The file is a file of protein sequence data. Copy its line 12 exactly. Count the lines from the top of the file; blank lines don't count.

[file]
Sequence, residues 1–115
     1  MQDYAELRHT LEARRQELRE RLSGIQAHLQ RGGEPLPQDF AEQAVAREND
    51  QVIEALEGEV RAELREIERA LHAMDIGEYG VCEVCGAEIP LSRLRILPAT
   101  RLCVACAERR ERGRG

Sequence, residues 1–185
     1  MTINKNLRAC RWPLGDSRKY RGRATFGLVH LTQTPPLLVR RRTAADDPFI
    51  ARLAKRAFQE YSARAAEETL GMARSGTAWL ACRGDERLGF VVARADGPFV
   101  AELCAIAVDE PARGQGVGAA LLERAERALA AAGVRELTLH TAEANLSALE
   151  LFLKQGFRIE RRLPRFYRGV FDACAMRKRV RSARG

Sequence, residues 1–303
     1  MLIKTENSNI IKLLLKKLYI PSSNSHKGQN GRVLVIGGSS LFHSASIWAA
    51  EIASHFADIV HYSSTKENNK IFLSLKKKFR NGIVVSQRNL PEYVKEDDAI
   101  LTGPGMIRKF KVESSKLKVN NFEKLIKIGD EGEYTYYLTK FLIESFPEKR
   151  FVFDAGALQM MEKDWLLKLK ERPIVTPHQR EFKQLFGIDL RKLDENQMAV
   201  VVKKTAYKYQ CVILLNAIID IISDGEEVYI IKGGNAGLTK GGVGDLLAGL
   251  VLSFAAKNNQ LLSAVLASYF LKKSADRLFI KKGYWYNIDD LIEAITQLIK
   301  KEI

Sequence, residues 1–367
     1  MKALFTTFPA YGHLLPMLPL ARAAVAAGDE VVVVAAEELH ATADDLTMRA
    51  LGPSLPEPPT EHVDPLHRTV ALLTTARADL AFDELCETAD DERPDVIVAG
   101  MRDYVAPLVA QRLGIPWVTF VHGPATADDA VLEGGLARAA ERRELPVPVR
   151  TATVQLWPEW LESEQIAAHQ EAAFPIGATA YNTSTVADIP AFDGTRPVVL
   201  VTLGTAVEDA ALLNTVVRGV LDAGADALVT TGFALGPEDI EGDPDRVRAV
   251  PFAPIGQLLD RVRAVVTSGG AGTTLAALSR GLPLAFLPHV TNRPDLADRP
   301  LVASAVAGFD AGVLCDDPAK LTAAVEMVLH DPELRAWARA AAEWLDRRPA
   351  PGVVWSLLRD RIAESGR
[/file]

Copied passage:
    51  EIASHFADIV HYSSTKENNK IFLSLKKKFR NGIVVSQRNL PEYVKEDDAI